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The exercise of rights under the Irrevocable De-registration and Export Request Authorisation (IDERA) has been accentuated in a ground-breaking decree delivered earlier this month by the First Hall, Civil Court, presided over by Hon. Justice Robert G. Mangion, when it was called to determine whether a warrant of prohibitory injunction can be issued to prohibit the holder of an IDERA registered in Malta from enforcing the IDERA and therefore from unilaterally requesting and procuring the de-registration of the aircraft from the Maltese Registry.

In its decree delivered on 8th November, 2021, in the names of Air X Charter Limited and Air X Aircraft Finance I Limited (the “Plaintiffs”) vs. 1) the firm Mamo TCV Advocates as deputy curators acting on behalf of Avmax Aircraft Leasing Inc (of Alberta, Canada) (“Avmax”) and Bank of Utah (of the United States of America) (“Bank of Utah”); and (2) The Malta Transport Authority, the Court confirmed that the Maltese Aircraft Registration Act, and its Schedules implementing the Cape Town Convention on International Interests in Mobile Equipment and the Aircraft Protocol thereto on Matters Specific to Aircraft Equipment are clear and leave no room for exception to the due implementation and enforcement of an IDERA.

The Court held that a creditor who is an authorised party or a certified designee in an IDERA (to which the debtor must have previously agreed) may procure the de-registration of an aircraft and the state authorities where the aircraft is registered are bound to honour such instruction and expeditiously assist the creditor in the exercise of this remedy.If such creditor abuses the powers given to him by an IDERA, this may in turn give rise to a claim for damages.However, this cannot be used as a valid reason for obstructing the creditor’s instructions to de-register the aircraft in terms of the IDERA, regardless of whether such de-registration will negatively impact the operation or business of third parties.

Represented by Mamo TCV Advocates, Avmax, as owner of eight aircraft registered in Malta (the “Aircraft”) and Bank of Utah (as owner trustee of the Aircraft), successfully staved off a warrant of prohibitory injunction from limiting their rights to enforce their IDERAs over the Aircraft.

The Aircraft had been leased by Avmax to Air X Aircraft Finance I Limited, which sub-leased the Aircraft to Air X Charter Limited, the latter operating the Aircraft in terms of a number of aircraft lease agreements. As a result of the Covid-19 pandemic and its adverse effects on the aviation sector, the Plaintiffs failed to make a number of payments to Avmax in terms of the lease agreements.Consequently, the parties discussed repayment terms reflected in a Memorandum of Understanding (the “MOU”).Upon failure of the Plaintiffs to honour even the new terms of the MOU, Avmax and the Bank of Utah declared that there had been an event of default in relation to each aircraft, notified the Plaintiffs of such event of default and Bank of Utah, as certified designee on the IDERAs, requested the de-registration of all the Aircraft from the Maltese Registry, in terms of the IDERAs.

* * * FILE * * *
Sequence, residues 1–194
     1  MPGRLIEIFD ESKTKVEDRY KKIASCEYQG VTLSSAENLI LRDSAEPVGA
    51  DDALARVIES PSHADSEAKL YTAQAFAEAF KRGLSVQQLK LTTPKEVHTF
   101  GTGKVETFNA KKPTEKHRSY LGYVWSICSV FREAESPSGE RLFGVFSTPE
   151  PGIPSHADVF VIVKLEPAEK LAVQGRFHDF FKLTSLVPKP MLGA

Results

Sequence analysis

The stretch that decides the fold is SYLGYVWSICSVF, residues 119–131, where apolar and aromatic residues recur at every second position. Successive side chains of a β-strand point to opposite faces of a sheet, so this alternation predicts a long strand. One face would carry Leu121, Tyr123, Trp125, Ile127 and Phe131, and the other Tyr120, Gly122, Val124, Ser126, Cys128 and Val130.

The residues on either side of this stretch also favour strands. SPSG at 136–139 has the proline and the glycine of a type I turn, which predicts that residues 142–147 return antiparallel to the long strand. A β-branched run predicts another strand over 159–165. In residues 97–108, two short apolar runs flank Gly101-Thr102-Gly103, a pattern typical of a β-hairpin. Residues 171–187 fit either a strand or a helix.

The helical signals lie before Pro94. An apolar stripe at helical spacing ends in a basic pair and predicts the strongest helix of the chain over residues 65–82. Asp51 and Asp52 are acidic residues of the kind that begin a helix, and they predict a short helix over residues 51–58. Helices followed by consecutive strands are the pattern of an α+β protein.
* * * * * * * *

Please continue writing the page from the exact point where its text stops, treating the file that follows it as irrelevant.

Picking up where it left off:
The Plaintiffs, in turn, requested the Maltese courts to issue a warrant of prohibitory injunction to prevent the de-registration of the Aircraft from Malta, arguing that (i) the implementation of the IDERAs lacked a valid reason; (ii) that the Canadian courts had granted an interim measure to prevent this; and (iii) that the enforcement of the IDERAs would harmfully effect its business and endanger the employment of its 350 employees.

The Court categorically refused all of the Plaintiff’s requests and denied the issuance of a warrant of prohibitory injunction to prevent the exercise of the rights under the IDERAs, stating that the Plaintiffs failed to prove, at least prima facie, that they had indeed adhered to the terms of the MOU and upheld their obligations thereunder.Furthermore, the Court held that it is not obliged to enforce an interim measure granted by a court of a non-EU member state, such as Canada.Thirdly, the court held that it is not enough for the Plaintiffs to allege that the enforcement of the IDERAs will cause them damages.Instead, they would have needed to prove that they were entitled (under the aircraft lease agreements) to prevent Avmax and Bank of Utah from exercising their rights under the IDERAs.

The Court emphasised that, when giving the IDERAs, the Plaintiffs were aware that they were irrevocably giving to Avmax (as authorised party), through Bank of Utah (as certified designee) the right to give instructions to the Maltese Registry to de-register the Aircraft.The granting of such irrevocable right was not contested by the Plaintiffs, who failed to satisfactorily prove to the Court that they enjoy any rights which would limit the enforcement of the irrevocable authority they had granted earlier to the Bank of Utah by the IDERAs.

In view of the above, the Court rejected the Plaintiff’s demand for a warrant of prohibitory injunction, given that none of the requirements at law were satisfied (being that such warrant must be necessary in order to preserve the rights of the Plaintiff and that, prima facie, the Plaintiff appears to possess such rights) and upheld the rights of Avmax and Bank of Utah under the IDERAs.

It is notable that, in arriving at its conclusions, the Court gave a comprehensive overview of the history of the Cape Town Convention and the incorporation of its terms into Maltese law, confirming and emphasizing the special nature of the remedies granted to parties in the context of aviation law.


This document does not purport to give legal, financial or tax advice. Should you require further information or legal assistance, please do not hesitate to contact Dr. Ingrid Fenech